Disaster Recovery for Technology

Best Practice

Governments provide many essential services to their citizens. The disruption of these services following a disaster could result in significant harm or inconvenience to those whom a government serves. State and local governments have a duty to ensure that disruptions in the provision of essential services are minimized following a disaster. Today the public sector, like the private sector, relies heavily upon computers and other advanced technologies to conduct its operations. Therefore, disaster recovery planning, in order to be effective, must specifically address policies and procedures for minimizing the disruption of government operations if computers or other advanced technologies are disabled following a disaster.


GFOA recommends that every government formally establish written policies and procedures for minimizing disruptions resulting from failures in computers or other advanced technologies following a disaster. These written policies and procedures should be evaluated annually and updated periodically, no less than once every three years.

At a minimum, a government’s policies and procedures for computer disaster recovery should do all of the following:

  • Formally assign disaster recovery coordinators for each agency or department to form a disaster recovery team. The responsibilities of team members should be defined and a current list of team members and their telephone numbers should be maintained. The government should also establish procedures for assembling the team in the event of a disaster.
  • Require the creation and preservation of back-up data. A government’s procedures in this regard should cover the regular and timely back-up of computer data (with proper documentation) and the transportation and storage of back-up data off-site (with proper documentation). The government should also ensure the security of back-up data both during transport off site and during storage off site.
  • Make provisions for the alternative processing of data following a disaster. A government should enter into a contract for the alternative processing of data following a disaster. It is essential that the government carefully monitor software upgrades to ensure that any such alternative processing site remains capable of processing the government’s data. A government should also establish processing priorities should the use of the alternative processing site become necessary. In addition, in situations qualifying for federal emergency assistance, it is essential that the government be capable of providing information to the federal government in the format mandated by the Federal Emergency Management Agency.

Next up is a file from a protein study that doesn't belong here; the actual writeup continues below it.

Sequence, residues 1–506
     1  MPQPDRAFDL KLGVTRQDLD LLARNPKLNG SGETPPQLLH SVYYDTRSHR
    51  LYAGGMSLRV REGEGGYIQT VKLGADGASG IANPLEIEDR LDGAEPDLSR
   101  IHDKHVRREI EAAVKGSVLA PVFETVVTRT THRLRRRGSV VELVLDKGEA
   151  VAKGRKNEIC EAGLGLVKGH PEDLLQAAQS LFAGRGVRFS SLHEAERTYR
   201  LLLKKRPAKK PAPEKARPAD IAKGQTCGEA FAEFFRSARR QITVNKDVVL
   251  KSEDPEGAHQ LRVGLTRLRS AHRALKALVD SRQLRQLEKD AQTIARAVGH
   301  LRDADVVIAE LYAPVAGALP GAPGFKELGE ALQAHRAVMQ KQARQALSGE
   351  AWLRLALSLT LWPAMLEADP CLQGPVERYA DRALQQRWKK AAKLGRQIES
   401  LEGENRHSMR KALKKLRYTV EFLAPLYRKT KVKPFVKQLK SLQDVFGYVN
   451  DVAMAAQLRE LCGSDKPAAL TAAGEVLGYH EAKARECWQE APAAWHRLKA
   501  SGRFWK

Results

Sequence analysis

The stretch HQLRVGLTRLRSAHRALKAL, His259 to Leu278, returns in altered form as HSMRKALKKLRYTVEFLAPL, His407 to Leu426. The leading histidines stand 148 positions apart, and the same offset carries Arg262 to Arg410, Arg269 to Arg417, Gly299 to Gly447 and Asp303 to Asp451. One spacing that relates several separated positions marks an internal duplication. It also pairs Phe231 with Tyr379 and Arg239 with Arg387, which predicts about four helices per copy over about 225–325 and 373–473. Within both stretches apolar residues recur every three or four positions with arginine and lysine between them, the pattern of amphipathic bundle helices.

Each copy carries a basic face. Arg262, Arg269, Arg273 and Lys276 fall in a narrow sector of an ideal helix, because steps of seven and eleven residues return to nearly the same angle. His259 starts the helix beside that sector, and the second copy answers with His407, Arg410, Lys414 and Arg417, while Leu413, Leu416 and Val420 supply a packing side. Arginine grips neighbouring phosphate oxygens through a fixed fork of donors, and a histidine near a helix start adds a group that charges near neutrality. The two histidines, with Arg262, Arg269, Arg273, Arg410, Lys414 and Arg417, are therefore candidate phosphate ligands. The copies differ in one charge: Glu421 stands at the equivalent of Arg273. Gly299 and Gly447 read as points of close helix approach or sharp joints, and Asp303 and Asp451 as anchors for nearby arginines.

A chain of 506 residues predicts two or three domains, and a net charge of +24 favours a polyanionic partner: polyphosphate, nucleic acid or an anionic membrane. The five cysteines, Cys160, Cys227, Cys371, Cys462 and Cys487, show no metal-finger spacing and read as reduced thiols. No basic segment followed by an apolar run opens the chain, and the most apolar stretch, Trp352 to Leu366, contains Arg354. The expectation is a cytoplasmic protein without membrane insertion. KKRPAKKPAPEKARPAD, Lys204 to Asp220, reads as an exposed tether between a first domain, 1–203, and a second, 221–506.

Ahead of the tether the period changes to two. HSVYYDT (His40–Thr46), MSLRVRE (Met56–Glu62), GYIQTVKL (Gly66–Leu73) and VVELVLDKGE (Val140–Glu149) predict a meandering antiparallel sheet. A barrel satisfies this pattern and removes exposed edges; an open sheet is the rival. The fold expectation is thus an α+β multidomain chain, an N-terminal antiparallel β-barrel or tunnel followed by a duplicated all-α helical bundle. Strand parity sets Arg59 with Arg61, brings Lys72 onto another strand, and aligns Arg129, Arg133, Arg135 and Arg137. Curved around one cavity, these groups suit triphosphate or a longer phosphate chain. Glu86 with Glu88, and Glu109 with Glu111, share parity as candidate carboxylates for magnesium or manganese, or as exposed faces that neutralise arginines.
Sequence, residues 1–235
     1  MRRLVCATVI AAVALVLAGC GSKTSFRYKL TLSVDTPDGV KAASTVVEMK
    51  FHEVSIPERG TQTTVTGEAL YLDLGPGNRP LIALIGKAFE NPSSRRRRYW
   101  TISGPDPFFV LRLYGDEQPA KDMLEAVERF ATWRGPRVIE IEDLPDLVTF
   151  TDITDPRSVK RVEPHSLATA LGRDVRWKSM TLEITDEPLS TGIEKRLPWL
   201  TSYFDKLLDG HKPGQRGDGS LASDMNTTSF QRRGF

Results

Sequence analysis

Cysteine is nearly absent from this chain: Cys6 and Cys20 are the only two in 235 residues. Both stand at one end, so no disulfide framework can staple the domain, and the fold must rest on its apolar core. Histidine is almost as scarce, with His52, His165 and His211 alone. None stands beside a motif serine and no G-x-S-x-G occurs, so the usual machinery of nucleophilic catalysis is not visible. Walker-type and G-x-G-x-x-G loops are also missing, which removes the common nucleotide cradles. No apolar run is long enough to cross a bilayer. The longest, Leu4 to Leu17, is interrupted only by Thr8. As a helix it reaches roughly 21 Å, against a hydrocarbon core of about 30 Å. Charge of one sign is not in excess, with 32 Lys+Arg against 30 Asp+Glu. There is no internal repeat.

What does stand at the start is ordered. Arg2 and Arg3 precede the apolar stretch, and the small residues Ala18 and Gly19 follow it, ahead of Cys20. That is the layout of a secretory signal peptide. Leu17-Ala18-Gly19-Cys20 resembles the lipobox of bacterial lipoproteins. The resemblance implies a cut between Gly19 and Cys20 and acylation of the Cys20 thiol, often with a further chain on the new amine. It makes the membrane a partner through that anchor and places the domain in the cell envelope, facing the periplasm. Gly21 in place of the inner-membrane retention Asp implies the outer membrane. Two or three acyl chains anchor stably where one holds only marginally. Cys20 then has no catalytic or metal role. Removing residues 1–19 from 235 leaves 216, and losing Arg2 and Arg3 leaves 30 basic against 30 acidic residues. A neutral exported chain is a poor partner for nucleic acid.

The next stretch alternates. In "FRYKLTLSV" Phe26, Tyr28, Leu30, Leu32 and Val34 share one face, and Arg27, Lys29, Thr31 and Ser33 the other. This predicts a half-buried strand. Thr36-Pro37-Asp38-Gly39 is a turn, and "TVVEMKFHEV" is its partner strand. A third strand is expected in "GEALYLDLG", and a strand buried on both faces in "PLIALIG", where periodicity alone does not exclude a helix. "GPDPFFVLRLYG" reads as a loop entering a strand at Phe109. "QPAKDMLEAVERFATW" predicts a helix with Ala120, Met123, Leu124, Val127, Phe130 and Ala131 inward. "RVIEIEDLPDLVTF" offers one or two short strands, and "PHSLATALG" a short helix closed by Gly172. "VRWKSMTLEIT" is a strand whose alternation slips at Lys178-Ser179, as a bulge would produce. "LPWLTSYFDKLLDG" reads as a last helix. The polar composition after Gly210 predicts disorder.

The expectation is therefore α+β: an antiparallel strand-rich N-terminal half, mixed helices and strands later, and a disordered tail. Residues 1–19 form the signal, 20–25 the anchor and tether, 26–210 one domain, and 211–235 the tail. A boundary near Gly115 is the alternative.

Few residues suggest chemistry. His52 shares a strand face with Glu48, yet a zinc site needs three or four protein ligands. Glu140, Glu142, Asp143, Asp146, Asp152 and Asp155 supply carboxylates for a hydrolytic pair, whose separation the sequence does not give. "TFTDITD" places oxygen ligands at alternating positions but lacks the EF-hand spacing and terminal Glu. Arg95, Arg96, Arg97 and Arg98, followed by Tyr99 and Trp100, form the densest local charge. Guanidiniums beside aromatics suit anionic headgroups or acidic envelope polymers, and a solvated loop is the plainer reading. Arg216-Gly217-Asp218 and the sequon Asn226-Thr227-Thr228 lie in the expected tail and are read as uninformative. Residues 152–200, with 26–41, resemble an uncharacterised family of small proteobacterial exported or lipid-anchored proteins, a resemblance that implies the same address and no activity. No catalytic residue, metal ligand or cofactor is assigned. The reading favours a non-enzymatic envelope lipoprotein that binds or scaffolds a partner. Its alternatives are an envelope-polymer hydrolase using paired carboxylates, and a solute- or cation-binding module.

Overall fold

• Provide detailed instructions for restoring disk files.
  • Establish guidelines for the immediate aftermath of a disaster. Specifically, the government’s computer disaster recovery plan should provide guidelines for declaring a disaster, for issuing press releases and dealing with the media, for recovering communications networks, and for assessing damage –
    • A copy of the government’s formal computer disaster recovery policies and procedures should be kept off-site to ensure its availability in the event of a disaster;
    • Every government should annually test its computer disaster recovery plan, including communication within the disaster recovery team, and take immediate action to remedy deficiencies identified by that testing. It is essential that such testing encompass the restoration as well as the processing of the government’s data; and
    • A government also should satisfy itself concerning the adequacy of disaster recovery plans for outsourced services.

This best practice was previously titled Planning for Recovery from a Technology Disaster.

Approved by GFOA's Executive Board: 
March 2007